The blind tee shot only hints at the multitude of dangers in play on the long par four 4th hole, where a drive needs to be played tight down the left hand side. Once over the brow of the hill, where the distant village of Cowden comes into view, the fairway slopes steeply downhill and to the right so you need to allow for the run. As a result, the hole plays significantly shorter than the yardage suggests, but the greatest challenge is yet to come. Separated by a mere few inches, the lake that abuts the right of the green promises a watery grave to anything pushed a fraction, while on the opposite site a bunker refuses to allow you to play safely away from the water. It’s an intimidating approach, but visually one of the prettiest on the course.

Hole No.11

Another hole where the tee shot benefits from a little local knowledge. For the life of you, standing on the tee you’d swear the hole is a dogleg right, but the reality is to the contrary. Turning sharply left at the corner of the fairway, the drive must favour the left or even be played over the tree line to finish in the fairway. A drive down the right isn’t a disaster but will leave a significantly longer approach shot.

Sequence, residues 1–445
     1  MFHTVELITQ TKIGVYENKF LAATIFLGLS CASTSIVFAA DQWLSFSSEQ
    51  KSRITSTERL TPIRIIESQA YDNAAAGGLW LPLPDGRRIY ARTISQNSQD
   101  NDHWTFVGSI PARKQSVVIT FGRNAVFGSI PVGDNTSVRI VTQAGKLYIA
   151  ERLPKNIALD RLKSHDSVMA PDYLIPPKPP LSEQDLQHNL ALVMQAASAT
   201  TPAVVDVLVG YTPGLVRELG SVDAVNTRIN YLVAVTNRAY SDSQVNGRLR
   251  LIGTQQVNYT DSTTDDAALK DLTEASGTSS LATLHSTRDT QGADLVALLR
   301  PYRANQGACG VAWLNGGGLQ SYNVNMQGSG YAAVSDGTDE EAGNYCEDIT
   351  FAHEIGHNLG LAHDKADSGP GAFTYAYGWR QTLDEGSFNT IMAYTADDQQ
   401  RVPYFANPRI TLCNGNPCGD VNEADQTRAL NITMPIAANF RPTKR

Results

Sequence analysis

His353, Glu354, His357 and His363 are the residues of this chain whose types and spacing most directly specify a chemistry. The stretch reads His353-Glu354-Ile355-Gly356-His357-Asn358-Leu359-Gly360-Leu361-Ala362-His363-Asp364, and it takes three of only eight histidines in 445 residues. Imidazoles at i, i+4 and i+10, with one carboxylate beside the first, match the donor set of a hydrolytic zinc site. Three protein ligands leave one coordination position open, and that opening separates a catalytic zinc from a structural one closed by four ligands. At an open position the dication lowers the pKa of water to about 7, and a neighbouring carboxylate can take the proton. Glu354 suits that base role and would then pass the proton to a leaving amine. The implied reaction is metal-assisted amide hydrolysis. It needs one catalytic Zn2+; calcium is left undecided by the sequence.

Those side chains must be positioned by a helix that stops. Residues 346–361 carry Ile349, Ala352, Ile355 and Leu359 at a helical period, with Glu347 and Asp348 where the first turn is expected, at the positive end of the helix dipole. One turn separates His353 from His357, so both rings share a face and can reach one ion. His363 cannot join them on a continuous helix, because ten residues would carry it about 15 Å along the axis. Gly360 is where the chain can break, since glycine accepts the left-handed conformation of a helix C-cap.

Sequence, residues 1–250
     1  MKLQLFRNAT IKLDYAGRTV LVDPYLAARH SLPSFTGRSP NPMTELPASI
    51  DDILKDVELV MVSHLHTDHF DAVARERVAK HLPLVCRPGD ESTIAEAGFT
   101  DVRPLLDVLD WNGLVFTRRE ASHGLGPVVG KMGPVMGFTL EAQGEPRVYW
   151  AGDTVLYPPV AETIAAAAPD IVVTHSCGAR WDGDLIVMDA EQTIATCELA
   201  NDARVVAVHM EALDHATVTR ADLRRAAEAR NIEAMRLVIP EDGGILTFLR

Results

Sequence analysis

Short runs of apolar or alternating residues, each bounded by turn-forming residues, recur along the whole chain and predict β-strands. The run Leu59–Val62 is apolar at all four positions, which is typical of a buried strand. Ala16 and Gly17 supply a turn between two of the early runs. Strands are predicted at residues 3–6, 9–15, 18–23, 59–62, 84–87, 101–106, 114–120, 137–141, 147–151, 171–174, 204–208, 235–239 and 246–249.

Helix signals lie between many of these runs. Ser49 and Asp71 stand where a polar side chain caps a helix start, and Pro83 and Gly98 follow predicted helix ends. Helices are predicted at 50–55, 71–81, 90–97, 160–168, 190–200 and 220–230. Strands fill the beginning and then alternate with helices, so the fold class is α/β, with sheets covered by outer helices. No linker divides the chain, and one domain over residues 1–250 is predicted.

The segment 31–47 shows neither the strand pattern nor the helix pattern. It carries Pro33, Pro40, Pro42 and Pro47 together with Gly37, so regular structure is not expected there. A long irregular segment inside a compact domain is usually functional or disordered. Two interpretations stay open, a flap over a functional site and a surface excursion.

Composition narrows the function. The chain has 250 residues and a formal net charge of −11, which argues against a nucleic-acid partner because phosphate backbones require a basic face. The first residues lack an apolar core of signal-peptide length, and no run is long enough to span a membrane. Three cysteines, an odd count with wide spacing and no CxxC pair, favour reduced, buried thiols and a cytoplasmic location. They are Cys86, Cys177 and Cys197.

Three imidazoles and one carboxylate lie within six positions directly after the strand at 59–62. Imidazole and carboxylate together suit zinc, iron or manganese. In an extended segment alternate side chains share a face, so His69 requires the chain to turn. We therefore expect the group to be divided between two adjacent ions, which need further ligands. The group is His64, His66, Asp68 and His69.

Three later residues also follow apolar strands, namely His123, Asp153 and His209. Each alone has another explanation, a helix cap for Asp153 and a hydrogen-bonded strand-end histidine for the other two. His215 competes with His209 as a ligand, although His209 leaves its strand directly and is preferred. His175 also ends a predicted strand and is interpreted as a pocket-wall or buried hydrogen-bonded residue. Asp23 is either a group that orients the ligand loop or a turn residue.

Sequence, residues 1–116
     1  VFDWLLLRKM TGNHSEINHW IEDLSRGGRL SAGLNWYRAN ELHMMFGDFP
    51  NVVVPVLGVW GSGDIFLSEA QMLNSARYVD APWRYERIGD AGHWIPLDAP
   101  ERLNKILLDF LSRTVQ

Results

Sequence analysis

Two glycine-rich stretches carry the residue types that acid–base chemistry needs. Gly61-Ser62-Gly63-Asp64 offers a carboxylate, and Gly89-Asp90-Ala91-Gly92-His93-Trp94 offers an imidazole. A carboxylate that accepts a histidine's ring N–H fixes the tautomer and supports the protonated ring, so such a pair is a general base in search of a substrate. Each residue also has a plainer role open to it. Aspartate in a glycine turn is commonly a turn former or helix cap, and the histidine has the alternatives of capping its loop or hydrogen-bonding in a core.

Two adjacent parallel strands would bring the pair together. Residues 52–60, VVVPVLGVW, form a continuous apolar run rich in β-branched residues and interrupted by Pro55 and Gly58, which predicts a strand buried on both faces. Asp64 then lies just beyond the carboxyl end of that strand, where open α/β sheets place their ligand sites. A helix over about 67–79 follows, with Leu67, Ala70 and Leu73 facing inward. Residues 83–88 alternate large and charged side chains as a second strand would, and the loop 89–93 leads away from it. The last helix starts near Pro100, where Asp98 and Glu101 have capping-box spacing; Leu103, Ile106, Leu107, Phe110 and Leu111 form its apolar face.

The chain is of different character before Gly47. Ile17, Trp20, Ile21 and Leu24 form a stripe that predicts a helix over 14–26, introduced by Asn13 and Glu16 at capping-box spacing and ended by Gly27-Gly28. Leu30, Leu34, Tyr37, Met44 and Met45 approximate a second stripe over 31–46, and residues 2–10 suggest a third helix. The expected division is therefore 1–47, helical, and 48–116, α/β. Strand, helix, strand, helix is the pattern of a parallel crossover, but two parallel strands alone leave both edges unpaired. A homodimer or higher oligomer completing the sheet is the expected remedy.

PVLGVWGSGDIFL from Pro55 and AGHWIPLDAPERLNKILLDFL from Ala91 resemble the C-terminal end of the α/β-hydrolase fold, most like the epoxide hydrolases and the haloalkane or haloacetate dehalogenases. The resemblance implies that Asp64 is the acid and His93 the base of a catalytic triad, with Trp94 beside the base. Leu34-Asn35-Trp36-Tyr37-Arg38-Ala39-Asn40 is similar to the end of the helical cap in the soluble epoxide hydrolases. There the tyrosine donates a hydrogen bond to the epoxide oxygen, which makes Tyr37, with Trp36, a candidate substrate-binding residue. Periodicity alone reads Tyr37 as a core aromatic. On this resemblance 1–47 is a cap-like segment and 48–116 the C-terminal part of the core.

For your second, you’ll have a sight of the pin but not the putting surface, and with slopes encouraging your ball away from you, it’s a very tricky hole to negotiate successfully.

Holes No. 13 & 14

If there are two holes to sum up everything this course is about, the back-to-back par 5s at 13 and 14 are they. Fun, quirky, and really enjoyable to play, they represent the very best of the Sweetwoods’ experience.

Both holes require a pinpoint drive to have even the slightest opportunity of hitting the green in two, although arguably they are more fun to play in regulation.

The tee shot on the 13th is played to a fairway that cambers right as the hole itself turns in the same direction. With out-of-bounds lining the right side of the fairway, it’s a very demanding shot.